TV & Radio

Jenna Ortega’s criticisms about Wednesday weren’t ungrateful – they were refreshing

You have to watch what you say if you’re famous these days. This week, Wednesday star Jenna Ortega has been both lauded and criticised for an interview she gave with Dax Shepard’s Armchair Expert podcast. Speaking about Netflix’s record-breaking Addams Family adaptation, she described aspects of the original script as not “making sense”, claiming that she “became almost unprofessional” and “started changing lines” while on set. “I can’t watch my work, but I can go home from set and say, ‘The scene that we shot today felt good,’” Ortega said. “[On] Wednesday there was not a scene in that show that I went home and was like, ‘OK, that should be fine.’”

Her comments drew the ire of some: suffice to say, she is not the most popular figure on screenwriting Twitter at the moment. Pushing back against others’ work on set is one thing. Discussing it on a podcast surely salts the wound. But in this day and age, when actors are usually so neutered in interviews by rigorous media coaching and PR obligations, there’s something undeniably refreshing about Ortega’s candour. The 19-year-old’s expertly deadpan turn as Wednesday Addams turned her into one of the world’s buzziest young actors more or less overnight. (She’s hosting Saturday Night Live this evening and can currently be seen in Scream VI, out in cinemas.) No one would have forgiven her for taking the road of bland wide-eyed gratitude. But a bit of frankness is exactly what the industry needs.

Wednesday is not a bad TV series. Ortega’s performance has rightly been unanimously praised. However, its immense popularity on Netflix – as the third-most-viewed season of TV in the streamer’s history, behind Squid Game and Stranger Things 4 – feels somewhat disproportionate to its modest creative successes. (Wednesday can’t hold a candle, for instance, to 1993’s Addams Family Values, still the best adaptation of the property ever put to screen.) Acting as if Wednesday is some hallowed or culturally significant work of art is simply not justified.

Too often, actors and creatives buy into their own mythos, speaking about their work as if everyone cares as much as they do. This is doubly true when something is a hit. But it doesn’t have to be this way. In 1977, Alec Guinness gave an interview to Michael Parkinson in which he discussed the recently released Star Wars, admitting to some hesitancy when first accepting the role of Obi-Wan Kenobi. Describing George Lucas’s dialogue as “pretty ropey”, he said: “People are gonna read too much into [Star Wars]. It’s simple stuff for all ages.” Can you imagine anyone involved in Star Wars talking that way now? It would be career suicide. Instead we usually get declarations of piety, and fatuous rhetoric about the wonders of joining the “Star Wars family”, with actors prostrating themselves before the mighty franchise like Goneril and Regan before Disney’s needy King Lear. Guinness – more of a Cordelia with his honest, unbarbed assessment – had a far healthier approach.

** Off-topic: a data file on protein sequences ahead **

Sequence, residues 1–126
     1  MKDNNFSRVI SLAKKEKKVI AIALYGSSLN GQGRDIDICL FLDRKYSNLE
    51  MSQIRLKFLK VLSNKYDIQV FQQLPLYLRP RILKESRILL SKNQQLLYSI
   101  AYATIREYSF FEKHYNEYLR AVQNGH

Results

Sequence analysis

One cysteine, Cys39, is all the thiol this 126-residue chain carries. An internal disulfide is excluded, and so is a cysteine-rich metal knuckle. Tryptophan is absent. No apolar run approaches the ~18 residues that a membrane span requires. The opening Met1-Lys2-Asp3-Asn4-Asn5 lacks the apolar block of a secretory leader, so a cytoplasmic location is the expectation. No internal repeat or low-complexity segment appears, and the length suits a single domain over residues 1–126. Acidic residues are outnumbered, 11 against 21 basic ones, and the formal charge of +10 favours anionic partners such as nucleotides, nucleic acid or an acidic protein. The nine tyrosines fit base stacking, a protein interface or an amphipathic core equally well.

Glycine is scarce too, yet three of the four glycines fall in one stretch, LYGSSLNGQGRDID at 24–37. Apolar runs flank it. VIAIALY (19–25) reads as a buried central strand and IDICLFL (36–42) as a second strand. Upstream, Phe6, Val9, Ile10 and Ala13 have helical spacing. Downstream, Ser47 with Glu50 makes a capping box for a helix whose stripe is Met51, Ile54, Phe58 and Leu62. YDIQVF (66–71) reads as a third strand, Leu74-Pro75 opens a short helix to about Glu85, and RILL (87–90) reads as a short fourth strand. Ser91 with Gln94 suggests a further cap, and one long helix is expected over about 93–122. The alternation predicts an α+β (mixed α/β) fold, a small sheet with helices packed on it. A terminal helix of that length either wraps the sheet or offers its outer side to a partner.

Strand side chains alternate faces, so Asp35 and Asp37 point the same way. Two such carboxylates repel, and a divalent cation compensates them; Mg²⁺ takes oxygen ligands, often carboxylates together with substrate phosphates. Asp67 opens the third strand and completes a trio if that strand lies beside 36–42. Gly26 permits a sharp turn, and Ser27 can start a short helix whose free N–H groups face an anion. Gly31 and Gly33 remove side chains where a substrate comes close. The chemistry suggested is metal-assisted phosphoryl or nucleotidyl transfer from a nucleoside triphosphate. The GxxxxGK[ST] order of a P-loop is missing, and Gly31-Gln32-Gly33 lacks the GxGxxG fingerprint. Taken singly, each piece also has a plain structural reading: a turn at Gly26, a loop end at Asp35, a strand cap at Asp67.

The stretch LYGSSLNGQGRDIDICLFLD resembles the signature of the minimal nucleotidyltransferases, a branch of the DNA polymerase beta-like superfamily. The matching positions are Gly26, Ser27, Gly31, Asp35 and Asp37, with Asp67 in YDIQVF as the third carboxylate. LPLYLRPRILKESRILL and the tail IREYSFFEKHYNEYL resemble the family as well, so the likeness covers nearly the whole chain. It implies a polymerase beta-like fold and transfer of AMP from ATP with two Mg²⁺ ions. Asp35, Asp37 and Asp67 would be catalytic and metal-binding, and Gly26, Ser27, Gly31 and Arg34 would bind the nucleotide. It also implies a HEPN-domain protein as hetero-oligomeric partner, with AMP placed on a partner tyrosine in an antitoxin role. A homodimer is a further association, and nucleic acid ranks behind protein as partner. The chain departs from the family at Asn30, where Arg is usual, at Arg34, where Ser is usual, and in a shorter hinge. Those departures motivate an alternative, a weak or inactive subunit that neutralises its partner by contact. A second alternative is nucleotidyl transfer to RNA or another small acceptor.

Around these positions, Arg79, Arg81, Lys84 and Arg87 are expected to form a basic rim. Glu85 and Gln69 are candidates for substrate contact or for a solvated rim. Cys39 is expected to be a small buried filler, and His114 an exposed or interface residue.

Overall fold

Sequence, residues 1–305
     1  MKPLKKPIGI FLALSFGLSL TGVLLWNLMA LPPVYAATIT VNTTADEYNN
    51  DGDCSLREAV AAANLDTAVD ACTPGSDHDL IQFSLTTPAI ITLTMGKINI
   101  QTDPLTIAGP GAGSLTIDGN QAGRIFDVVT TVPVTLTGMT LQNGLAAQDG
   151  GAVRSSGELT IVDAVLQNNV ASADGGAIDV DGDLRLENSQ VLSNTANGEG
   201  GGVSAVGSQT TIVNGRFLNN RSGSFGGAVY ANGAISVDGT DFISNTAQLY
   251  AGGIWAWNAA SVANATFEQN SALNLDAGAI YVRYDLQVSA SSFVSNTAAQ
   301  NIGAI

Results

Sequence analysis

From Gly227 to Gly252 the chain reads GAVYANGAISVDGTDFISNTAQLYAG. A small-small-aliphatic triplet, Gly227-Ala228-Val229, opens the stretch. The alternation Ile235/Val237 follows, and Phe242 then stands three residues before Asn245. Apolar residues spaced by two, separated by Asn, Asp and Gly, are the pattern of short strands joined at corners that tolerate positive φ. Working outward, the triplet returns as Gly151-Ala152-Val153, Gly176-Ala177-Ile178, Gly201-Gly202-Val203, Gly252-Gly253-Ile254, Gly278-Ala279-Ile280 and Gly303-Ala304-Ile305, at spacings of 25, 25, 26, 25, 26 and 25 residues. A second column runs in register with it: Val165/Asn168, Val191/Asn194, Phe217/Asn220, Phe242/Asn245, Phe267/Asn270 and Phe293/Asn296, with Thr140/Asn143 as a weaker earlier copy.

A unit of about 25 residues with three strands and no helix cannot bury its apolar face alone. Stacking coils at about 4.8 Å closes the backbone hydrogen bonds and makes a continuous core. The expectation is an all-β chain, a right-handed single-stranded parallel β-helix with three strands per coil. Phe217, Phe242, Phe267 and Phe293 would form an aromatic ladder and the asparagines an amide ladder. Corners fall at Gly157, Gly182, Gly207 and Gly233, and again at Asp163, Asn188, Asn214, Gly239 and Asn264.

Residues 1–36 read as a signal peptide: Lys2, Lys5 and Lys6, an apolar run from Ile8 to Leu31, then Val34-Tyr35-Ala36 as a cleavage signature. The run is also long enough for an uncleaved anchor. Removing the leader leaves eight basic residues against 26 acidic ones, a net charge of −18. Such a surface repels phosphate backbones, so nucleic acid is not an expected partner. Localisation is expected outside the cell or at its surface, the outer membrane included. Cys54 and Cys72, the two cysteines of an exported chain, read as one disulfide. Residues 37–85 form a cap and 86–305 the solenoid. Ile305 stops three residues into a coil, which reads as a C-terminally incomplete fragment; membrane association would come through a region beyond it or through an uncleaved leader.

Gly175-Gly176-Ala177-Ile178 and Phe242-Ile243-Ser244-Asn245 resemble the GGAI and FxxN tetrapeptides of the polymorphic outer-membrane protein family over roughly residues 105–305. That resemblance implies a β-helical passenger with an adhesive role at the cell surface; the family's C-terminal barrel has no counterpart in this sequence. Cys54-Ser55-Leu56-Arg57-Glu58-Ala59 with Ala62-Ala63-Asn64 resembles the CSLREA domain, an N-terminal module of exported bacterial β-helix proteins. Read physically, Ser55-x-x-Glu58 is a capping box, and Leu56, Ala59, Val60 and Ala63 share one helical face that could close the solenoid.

Obviously, Wednesday is fighting in a different weight class to Star Wars. But the tone of inflated self-importance abounds in the modern TV industry. It is something that is exacerbated by social media, of course: who can blame a TV writer for thinking their every creative decision carries cosmic weight, when every trivial “update” about a popular series is spun into 50 different news stories and a handful of viral tweets? Ortega could be forgiven for thinking that Wednesday’s “prom dance” scene was a TV moment for the ages, such was the blizzard of superfluous attention that swirled around it following the series’ release.

It may be true, too, that Ortega was borderline “unprofessional” in requesting last-minute changes to the script – but on the spectrum of celebrity diva behaviour, it’s hardly a cardinal sin. Actors are usually celebrated for throwing themselves into their characters. For many viewers, there’s nothing more risible than a Hollywood luvvie collecting a paycheque and “phoning it in”. Again, it requires a bit of perspective about the source material. She wasn’t rewriting Ibsen.

I imagineNetflix’s PR team will probably have a word with Ortega about her podcast appearance, if indeed they haven’t already. Unfiltered honesty will only get you so far in Hollywood. But for the time being, let’s just enjoy the fact that someone, for once, was able to treat an interview for what it is: a discussion, not a sales pitch.

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